Morgan MacIntyre and Gemma Doherty from Derry and Belfast met in 2014 at Trinity College in Dublin where they quickly became friends and hit upon a unique sound of harp, synths and harmony. After a series of singles, and preview tracks like ‘Tin Man’, ‘You Never Call’ and ‘Twin Peaks’, the band’s debut album Shape Of Silence is much anticipated. So, how do they fare?

In short, superbly. Shape Of Silence delivers on nearly every front that a debut LP should.  There’s more than enough by way of radio-friendly single material to attract a wide variety of new listeners and plenty of deeper cuts to satisfy to the appetite of longtime fans.

Looking at the album’s tracklist betrays a little of the group’s high ambitions for the project. Of the 12 total tracks on the LP, nearly the entirety of the first half is comprised of previously released singles. These songs are easily the catchiest and most universally accessible the group have produced and are clearly grouped together to be aimed at easing in newcomers to the band.


This cluster holds much of the album’s strongest material. The eerie ‘Tin Man’ is the perfect follow up to the jubilant ‘Twin Peaks’. Thematically, both examine the idea of companionship. Yet where ‘Twin Peaks’ rejoices in the idiosyncrasies of a specific friendship ‘Tin Man’ pangs with the loneliness of dependency “But the Tin Man / Will not desert me”.  It’s a connection felt so strongly that it verges on almost obsessive expression. Two very different sides to the same coin.

Among the group’s best assets is their ability to create an atmosphere in their instrumentals. The collision of vocal harmony, padded synth and plucked harp on the second half of ‘The Beginning’ add much-needed depth and character to an otherwise unspectacular introduction. Both Doherty and MacIntyre are supremely talented singers, whose chemistry underpins the entirety of Shape Of Silence. 

Even in the few moments where the albums fails to live up to the group’s potential, the duo’s shared vocals retain a ghostly presence which lifts the material out of the mundane.  The aforementioned introduction track and later ‘Corpses’ come to mind. The latter is perhaps the weakest track on the LP, the repeated refrain of “We all stood together/ For worse or for better” fails to deliver enough emotional weight and the melody which it carries verges on forgettable.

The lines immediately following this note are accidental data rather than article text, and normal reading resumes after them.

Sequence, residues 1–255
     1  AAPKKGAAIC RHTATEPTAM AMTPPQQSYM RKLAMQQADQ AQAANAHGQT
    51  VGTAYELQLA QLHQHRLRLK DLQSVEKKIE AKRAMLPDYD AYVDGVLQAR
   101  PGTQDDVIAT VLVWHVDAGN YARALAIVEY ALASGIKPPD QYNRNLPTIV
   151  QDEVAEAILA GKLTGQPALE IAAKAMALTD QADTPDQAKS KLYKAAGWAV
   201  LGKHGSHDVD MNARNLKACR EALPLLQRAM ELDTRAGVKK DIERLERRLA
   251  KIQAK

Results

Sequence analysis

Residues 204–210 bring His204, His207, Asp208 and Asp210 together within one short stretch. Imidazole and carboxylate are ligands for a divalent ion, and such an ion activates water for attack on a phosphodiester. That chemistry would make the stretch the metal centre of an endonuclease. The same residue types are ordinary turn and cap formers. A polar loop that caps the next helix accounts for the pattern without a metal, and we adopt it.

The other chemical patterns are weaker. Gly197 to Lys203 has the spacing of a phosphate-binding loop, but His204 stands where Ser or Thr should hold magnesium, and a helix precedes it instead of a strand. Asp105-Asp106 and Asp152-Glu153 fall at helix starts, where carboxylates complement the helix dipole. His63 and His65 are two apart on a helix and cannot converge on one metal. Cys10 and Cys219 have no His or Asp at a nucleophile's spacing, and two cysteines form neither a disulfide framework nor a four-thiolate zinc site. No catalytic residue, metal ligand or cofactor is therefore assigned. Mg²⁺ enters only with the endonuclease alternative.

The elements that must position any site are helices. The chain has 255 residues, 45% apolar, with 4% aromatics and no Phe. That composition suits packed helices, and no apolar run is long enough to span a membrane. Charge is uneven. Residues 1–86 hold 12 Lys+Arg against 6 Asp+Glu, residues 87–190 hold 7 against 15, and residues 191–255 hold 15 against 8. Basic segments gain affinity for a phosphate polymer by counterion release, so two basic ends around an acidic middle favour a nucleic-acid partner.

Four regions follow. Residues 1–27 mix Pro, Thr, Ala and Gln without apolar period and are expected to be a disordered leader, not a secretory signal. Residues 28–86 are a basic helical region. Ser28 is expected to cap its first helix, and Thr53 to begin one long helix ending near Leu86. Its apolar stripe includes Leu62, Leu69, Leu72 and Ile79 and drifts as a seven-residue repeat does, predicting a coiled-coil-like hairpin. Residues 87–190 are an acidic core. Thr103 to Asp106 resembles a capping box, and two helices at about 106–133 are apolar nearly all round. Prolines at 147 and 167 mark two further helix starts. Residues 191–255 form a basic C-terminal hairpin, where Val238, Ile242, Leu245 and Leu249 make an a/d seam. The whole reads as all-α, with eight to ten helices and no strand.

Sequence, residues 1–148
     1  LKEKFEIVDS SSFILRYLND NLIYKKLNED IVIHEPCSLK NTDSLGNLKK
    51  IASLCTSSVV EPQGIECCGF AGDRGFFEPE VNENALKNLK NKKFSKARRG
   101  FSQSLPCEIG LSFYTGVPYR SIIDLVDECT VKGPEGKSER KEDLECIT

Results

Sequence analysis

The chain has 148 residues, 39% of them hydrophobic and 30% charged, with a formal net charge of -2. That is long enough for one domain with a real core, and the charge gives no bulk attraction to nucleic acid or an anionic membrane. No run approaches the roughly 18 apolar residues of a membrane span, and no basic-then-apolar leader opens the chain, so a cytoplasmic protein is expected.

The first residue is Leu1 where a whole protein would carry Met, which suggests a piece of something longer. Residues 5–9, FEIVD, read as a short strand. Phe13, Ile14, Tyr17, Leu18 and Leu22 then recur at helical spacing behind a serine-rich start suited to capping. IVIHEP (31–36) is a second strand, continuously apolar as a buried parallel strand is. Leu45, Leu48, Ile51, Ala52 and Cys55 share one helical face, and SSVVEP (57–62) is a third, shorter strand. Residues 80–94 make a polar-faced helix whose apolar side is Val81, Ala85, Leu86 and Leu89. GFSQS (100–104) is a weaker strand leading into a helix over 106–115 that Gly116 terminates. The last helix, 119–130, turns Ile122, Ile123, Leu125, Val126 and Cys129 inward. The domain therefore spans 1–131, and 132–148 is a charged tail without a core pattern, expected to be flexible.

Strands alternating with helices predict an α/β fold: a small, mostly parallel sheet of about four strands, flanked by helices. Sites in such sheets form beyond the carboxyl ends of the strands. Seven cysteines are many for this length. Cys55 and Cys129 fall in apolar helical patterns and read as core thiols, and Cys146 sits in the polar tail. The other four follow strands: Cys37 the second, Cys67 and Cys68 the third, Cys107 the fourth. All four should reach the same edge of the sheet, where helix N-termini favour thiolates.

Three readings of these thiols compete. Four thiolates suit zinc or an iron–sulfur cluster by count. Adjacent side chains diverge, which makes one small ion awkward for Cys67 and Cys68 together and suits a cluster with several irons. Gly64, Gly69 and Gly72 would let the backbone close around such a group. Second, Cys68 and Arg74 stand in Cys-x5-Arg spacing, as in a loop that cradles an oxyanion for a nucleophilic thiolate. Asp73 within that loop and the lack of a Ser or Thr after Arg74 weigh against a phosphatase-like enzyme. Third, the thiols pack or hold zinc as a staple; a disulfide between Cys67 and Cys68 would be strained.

These moments are few and far between. Doherty and MacIntyre are cunning songwriters. Ones whose sense of melodic shape and craft in wordplay have a transportive effect.  ‘Madrid’, a song which returns listeners will spot from a previous EP, is a perfect example. The track is littered with double meanings and run on lines which defy the expectations of the lyric which directly preceded it. “I’m glad I don’t know/ Where you go / Where you go/ When you’re lonely / I would only meet you there.” This, set atop a foundation of haunting falsetto harmonies and pitched vocal samples creates an evocative and uniquely intimately end product. It’s a standout moment on the album.

The album does feel like the work of two very distinct halves. Each of the two is linked by an ethereal beauty, a calling card of Saint Sister’s work, but otherwise, seem only distantly related. The shift comes just after ‘Tír Éile’, which is the most overtly folk and minimalist track on the project. The remaining six songs feel definitively darker in tone and content than the six which came before.

These tracks are also far more based in the realms of electronica than the rest. ‘Steady’ is a highlight moment. The programmed percussion and background spoken word mark the song as the group’s most experimental to date.  There’s an ambient blanket thrown over it amd the synth tones are reminiscent of something Eno might have used on Music For Airports.

Shape Of Silence’s B-side culminates in the broody and almost morbid ‘Half Awake’, a rejection of a romantic figure. It’s one of the only times Saint Sister explicitly go on the offensive throughout the LP and the song has a vocal delivery as passionate as the end result is harrowing.

While the first half of the album is definitely more radio-friendly and will provide more instant gratification to first-timers, it’s this second half which provides the most depth for repeated listens. It has the most daring sonic exploration, provocative lyrical content and widest variety in the emotional spectrum of all their material. If you were to pick elements from Sound Of Silence that the group could dig deeper into going forward, it would be on the back half of the project.

‘The Mater’ is a sublime album closer. One which showcases the electric chemistry both Doherty and MacIntyre share vocally and the hushed magic of their songwriting prowess together. It’s a song that gets to the heart, no pun intended, of what Shape Of Silence as an album and Saint Sister as a group are all about. That is, the beauty of a moment shared between two humans.


Saint Sister play the Olympia Theatre on the 11th of October. The band’s debut is out October 5th.